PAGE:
Author(s): IfejikaJones NL, Harun N, MohammedRajput NA, Noser EA, Grotta JC
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Abstract BACKGROUND AND PURPOSE: Acute ischemic stroke patients who receive recombinant tissue plasminogen activator (rt-PA) within 3 hours of symptom onset are 30\% more likely to have minimal to no disability at 3 months. During hospitalization, short-term disability is subjectively measured by discharge disposition, whether to home, inpatient rehabilitation, a skilled nursing facility, or subacute care. There are no studies assessing the role of recombinant tissue plasminogen activator use as a predictor of poststroke discharge disposition. METHODS: We conducted a retrospective analysis of all patients with ischemic stroke who presented within the original three hour window for intravenous thrombolysis, and who were admitted to the University of Texas Houston Medical School Stroke Service at Memorial Hermann Hospital - Texas Medical Center between January 2004 and October 2009. Baseline demographics and National Institute of Health Stroke Scale score were collected. Cerebrovascular disease risk factors were used for risk stratification in the multivariate regression. RESULTS: Out of 2225 patients with acute ischemic stroke, 1019 were discharged to home, 719 to inpatient rehabilitation, 371 to a skilled nursing facility and 116 to subacute care. Patients who received recombinant tissue plasminogen activator therapy were more likely to be discharged home compared to the other levels of care (P<0.0001; OR, 1.945; 95\% CI, 1.538 to 2.459). Considering post-acute inpatient rehabilitation versus skilled nursing facility/subacute care and disposition at a skilled nursing facility versus subacute care, there were no differences in disposition between patients who received recombinant tissue plasminogen activator therapy. Inpatient Rehabilitation versus Skilled Nursing Facility or Subacute Care (P = 0.123); Skilled Nursing Facility versus Subacute Care (P = 0.605). CONCLUSIONS: Patients who receive intravenous recombinant tissue plasminogen activator as treatment for acute ischemic stroke are more likely to be discharged directly home after hospitalization. This study is limited by its retrospective nature and the undetermined role of psychosocial factors related to discharge.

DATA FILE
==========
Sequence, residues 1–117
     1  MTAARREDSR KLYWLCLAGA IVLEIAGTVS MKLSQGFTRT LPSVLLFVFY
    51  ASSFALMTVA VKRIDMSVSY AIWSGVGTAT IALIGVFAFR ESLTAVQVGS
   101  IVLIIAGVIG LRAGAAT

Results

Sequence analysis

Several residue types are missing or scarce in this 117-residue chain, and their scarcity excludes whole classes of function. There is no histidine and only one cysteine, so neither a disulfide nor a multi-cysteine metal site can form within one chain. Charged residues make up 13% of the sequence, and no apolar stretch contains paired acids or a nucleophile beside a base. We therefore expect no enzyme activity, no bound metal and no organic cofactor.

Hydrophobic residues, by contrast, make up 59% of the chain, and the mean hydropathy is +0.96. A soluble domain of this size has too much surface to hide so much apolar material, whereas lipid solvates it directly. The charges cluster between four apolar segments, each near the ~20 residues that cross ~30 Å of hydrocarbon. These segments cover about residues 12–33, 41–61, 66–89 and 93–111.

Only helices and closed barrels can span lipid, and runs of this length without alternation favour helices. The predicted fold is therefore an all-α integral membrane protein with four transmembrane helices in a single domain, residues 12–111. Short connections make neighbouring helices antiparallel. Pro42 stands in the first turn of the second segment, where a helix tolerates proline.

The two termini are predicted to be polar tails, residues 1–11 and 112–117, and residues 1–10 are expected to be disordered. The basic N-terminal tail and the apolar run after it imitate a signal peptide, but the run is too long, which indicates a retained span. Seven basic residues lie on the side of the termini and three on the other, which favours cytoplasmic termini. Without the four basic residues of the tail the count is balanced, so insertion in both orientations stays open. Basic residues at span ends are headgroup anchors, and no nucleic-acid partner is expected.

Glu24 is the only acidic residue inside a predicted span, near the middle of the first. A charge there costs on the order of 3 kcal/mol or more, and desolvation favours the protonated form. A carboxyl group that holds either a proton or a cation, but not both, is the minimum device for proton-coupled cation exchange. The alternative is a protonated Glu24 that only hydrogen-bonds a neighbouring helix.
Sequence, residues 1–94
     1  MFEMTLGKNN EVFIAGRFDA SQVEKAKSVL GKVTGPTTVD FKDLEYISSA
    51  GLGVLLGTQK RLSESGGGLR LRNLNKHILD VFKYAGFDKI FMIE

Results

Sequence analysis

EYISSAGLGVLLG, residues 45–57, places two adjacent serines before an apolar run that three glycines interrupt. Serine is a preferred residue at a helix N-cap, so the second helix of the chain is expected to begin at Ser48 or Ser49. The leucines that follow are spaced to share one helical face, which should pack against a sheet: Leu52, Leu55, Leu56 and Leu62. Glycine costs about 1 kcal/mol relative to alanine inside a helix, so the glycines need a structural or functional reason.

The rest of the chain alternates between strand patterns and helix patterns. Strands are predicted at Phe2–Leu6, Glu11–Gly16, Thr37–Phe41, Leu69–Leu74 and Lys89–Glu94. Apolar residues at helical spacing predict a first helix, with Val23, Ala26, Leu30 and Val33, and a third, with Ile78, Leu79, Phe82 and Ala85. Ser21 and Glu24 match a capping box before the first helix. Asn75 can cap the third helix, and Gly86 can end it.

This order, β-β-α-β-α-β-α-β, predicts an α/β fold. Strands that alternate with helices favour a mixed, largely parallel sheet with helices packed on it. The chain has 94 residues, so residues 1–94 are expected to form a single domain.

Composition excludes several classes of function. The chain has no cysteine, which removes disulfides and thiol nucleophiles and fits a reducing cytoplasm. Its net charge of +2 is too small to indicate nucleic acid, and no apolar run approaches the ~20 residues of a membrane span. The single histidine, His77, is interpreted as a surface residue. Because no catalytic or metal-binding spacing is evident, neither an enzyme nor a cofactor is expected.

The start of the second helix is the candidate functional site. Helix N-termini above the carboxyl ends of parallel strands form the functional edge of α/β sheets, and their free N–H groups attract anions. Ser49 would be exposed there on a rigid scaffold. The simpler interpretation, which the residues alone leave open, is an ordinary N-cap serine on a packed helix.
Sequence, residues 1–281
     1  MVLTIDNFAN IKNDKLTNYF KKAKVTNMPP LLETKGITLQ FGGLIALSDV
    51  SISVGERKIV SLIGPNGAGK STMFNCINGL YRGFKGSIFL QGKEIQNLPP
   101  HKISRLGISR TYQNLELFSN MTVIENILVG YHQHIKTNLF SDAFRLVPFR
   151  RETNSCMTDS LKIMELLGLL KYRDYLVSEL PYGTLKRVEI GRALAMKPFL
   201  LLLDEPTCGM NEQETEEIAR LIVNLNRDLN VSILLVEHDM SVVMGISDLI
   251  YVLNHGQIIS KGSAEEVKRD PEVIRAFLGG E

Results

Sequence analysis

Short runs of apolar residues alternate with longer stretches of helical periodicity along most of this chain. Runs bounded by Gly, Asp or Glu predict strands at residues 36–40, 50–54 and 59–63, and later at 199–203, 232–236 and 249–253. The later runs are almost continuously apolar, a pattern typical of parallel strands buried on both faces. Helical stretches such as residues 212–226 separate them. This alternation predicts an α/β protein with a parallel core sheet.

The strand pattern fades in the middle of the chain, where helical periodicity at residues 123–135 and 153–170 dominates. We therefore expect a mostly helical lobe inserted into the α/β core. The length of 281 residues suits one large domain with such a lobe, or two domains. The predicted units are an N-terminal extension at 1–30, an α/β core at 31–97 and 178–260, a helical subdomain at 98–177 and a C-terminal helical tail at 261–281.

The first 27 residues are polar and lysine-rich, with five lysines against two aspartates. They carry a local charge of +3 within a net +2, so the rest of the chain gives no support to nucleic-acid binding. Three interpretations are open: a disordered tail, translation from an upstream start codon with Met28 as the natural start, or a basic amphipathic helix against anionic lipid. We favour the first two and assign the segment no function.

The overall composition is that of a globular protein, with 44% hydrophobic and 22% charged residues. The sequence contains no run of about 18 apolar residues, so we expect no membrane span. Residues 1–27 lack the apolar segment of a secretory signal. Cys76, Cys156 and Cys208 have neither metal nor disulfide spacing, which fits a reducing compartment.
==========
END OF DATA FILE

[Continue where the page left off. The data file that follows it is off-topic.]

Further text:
This article was published in Stroke
and referenced in International Journal of Neurorehabilitation